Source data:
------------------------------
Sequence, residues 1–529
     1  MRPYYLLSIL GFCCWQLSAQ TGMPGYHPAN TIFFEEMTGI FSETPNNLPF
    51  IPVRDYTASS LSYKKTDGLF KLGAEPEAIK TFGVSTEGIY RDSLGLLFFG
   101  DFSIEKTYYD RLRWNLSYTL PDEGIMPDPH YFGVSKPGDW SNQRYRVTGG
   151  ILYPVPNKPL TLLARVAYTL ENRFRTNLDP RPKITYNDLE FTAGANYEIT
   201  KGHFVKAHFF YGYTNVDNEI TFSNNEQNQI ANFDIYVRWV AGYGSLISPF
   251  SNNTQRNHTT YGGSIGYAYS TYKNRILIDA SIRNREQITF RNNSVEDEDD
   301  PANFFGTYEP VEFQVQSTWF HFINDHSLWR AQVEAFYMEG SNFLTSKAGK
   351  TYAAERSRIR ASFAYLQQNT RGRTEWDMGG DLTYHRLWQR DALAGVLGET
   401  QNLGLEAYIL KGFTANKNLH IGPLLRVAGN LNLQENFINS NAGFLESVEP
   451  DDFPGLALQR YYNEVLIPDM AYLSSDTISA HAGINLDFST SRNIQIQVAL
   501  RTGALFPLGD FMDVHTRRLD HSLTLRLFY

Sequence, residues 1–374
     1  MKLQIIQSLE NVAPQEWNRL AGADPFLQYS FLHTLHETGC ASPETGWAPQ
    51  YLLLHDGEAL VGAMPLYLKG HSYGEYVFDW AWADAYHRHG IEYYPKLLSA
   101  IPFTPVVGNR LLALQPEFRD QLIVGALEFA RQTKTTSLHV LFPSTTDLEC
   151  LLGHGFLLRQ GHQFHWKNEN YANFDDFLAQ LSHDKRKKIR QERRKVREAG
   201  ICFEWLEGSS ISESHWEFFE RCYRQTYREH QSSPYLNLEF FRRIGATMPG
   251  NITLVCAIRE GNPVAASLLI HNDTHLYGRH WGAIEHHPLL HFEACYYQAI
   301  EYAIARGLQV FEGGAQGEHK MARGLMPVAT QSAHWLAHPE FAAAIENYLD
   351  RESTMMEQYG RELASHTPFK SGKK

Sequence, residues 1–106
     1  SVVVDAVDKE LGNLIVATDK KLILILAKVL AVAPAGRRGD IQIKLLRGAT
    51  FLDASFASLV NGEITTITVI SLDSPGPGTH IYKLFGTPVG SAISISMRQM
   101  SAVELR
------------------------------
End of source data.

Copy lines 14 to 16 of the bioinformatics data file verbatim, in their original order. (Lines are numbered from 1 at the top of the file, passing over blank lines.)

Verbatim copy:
     1  MKLQIIQSLE NVAPQEWNRL AGADPFLQYS FLHTLHETGC ASPETGWAPQ
    51  YLLLHDGEAL VGAMPLYLKG HSYGEYVFDW AWADAYHRHG IEYYPKLLSA
   101  IPFTPVVGNR LLALQPEFRD QLIVGALEFA RQTKTTSLHV LFPSTTDLEC